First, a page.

When her mother died in 1879, Woolson traveled to Europe, where she remained the rest of her life. In Florence, Italy, during the spring of 1880, Woolson developed a notable friendship with American author Henry James, who apparently referred to her affectionately as "Fenimore." Biographer Lyndall Gordon, in Henry James: Two Women and His Art, presents Woolson as having had "a muselike influence" on James and suggests that James may have used plots originally devised by Woolson. However, James was no less an important influence on her, as she adopted his introspective, psychological style in her later works of fiction, particularly in For the Major, which is considered one of her best efforts.

Living in different parts of Europe throughout the 1880s and 1890s, and traveling to Greece and Egypt during the winter of 1889–90, Woolson wrote prolifically. During these years, she published four novels which, like her earlier works, first appeared in serial form in Harper's and were then published as books. Woolson's final short stories revolve around American expatriates living abroad, and are commonly regarded as inferior to her works with American settings.

In 1890, Woolson returned to England, residing in Cheltenham and Oxford until the summer of 1893, when she found an apartment on the Grand Canal in Venice. Her physical health had deteriorated, and that winter she battled the flu, which eventually turned into typhoid fever. On January 24, 1894, she either fell or jumped to her death from an upper-floor window. Woolson had suffered from depression her entire life, a condition she believed to be inherent to a creative temperament. Although Henry James speculated that she had committed suicide, the absence of a witness precludes a definite opinion. She was interred in the Protestant Cemetery in Rome.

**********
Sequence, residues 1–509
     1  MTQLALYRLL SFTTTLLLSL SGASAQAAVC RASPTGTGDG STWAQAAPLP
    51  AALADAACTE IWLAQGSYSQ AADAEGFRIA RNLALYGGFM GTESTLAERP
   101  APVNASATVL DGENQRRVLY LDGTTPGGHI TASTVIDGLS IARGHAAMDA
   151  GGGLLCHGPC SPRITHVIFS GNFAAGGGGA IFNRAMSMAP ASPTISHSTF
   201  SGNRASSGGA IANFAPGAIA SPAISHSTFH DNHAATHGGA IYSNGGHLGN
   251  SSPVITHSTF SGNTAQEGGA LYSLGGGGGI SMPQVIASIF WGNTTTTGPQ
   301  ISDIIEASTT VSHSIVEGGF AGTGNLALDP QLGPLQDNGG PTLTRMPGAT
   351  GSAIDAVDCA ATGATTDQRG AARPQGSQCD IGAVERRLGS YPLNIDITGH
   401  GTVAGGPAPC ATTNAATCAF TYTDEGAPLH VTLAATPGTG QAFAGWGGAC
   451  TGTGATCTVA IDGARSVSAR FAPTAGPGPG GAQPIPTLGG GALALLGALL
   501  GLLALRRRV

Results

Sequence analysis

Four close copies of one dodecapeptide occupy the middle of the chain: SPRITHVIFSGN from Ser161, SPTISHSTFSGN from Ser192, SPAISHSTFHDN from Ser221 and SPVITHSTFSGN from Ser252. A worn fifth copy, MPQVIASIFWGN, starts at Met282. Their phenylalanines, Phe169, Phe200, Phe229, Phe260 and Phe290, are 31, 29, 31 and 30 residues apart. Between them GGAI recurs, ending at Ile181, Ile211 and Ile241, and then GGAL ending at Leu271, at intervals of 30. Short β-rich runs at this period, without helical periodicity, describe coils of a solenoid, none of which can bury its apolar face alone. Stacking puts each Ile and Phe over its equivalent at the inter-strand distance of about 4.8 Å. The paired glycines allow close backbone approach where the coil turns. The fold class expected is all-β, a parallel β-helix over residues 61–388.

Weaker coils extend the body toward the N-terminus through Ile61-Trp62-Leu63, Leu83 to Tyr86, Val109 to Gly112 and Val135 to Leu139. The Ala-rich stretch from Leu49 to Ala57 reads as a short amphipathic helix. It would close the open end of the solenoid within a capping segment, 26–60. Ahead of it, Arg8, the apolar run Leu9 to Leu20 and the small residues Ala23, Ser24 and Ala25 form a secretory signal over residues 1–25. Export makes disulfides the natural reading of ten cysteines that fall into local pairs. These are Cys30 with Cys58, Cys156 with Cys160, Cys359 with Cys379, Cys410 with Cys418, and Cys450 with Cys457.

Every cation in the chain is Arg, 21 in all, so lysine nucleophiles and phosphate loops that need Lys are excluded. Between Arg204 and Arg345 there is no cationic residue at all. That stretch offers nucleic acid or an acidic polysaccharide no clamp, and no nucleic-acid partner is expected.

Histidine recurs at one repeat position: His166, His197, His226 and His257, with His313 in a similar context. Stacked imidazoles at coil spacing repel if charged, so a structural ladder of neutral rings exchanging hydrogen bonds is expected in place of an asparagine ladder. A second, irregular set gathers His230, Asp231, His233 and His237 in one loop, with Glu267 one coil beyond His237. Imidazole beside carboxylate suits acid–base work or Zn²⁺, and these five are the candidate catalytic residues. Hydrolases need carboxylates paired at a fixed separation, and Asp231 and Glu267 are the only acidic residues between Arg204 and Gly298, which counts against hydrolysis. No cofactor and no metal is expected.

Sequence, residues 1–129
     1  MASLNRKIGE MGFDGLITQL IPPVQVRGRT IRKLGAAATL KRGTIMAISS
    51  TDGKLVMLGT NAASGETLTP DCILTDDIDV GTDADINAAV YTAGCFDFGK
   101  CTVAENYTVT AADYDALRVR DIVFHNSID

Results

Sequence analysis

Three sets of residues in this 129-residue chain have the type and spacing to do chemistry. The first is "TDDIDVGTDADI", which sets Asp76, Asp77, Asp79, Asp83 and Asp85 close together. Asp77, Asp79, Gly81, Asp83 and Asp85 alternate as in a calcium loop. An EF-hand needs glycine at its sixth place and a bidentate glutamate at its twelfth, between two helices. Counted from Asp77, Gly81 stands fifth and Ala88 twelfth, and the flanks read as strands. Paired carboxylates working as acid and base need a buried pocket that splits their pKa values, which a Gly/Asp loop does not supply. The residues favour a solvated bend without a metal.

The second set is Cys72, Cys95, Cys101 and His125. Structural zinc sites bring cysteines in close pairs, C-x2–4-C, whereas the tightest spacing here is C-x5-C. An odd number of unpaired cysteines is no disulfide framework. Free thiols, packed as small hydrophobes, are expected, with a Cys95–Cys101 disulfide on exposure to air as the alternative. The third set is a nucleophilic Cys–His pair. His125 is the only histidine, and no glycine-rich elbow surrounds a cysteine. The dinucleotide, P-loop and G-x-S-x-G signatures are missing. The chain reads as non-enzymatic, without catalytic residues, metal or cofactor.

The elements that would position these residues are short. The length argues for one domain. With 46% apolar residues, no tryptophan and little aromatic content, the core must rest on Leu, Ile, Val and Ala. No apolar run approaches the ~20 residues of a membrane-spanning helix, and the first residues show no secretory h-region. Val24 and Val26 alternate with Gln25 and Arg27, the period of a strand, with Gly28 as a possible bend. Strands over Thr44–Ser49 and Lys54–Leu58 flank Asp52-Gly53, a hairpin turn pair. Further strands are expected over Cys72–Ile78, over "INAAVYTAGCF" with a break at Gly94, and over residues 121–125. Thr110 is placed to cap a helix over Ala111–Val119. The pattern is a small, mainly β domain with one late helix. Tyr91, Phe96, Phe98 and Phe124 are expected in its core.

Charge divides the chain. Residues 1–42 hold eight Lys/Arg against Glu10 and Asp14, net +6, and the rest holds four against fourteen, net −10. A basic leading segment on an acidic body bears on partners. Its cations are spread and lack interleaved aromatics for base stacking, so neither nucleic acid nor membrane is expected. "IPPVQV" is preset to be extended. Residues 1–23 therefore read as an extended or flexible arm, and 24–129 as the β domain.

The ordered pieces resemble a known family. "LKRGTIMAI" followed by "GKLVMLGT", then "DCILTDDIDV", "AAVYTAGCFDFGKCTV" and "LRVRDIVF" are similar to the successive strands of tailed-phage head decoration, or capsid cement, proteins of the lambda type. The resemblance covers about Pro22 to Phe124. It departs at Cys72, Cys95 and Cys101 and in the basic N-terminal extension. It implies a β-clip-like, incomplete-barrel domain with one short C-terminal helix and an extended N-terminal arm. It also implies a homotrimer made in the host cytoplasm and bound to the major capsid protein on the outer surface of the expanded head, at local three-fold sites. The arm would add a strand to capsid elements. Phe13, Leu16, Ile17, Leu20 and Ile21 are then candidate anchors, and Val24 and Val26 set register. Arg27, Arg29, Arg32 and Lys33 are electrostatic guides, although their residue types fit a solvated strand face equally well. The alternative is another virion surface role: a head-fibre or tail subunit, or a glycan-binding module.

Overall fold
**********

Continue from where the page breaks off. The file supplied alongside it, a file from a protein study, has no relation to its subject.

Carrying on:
Boren, Lynda S. "Constance Fenimore Woolson," in Dictionary of Literary Biography, Vol. 12: American Realists and Naturalists. Detroit, MI: The Gale Group, 1982, pp. 456–463.

Dean, Sharon L. "Constance Fenimore Woolson," in Dictionary of Literary Biography, Vol. 221: American Women Prose Writers, 1870–1920. Detroit, MI: The Gale Group, 2000, pp. 370–380.

Edwards, Mary P. "Constance Fenimore Woolson," in Dictionary of Literary Biography, Vol. 74: American Short-Story Writers Before 1880. Detroit, MI: The Gale Group, 1988, pp. 365–370.

James, Edward T., ed. Notable American Women, 1607–1950. Cambridge, MA: The Belknap Press of Harvard University, 1971.

McHenry, Robert, ed. Famous American Women. NY: Dover, 1980.

Publishers Weekly. March 1, 1999, p. 51.

Wadsworth, Sarah. "Constance Fenimore Woolson," in Dictionary of Literary Biography, Vol. 189: American Travel Writers, 1850–1915. Detroit, MI: The Gale Group, 1998, pp. 353–359.

suggested reading:

Gordon, Lyndall. A Private Life of Henry James: Two Women and His Art. NY: W.W. Norton, 1999.

Drew Walker , freelance writer, New York, New York